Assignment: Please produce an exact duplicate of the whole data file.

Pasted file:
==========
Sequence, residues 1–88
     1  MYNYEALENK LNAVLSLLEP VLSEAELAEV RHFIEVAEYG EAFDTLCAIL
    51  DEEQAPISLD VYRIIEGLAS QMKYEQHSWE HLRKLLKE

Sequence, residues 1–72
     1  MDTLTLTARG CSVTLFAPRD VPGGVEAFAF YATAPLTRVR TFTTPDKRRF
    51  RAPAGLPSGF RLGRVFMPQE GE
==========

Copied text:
Sequence, residues 1–88
     1  MYNYEALENK LNAVLSLLEP VLSEAELAEV RHFIEVAEYG EAFDTLCAIL
    51  DEEQAPISLD VYRIIEGLAS QMKYEQHSWE HLRKLLKE

Sequence, residues 1–72
     1  MDTLTLTARG CSVTLFAPRD VPGGVEAFAF YATAPLTRVR TFTTPDKRRF
    51  RAPAGLPSGF RLGRVFMPQE GE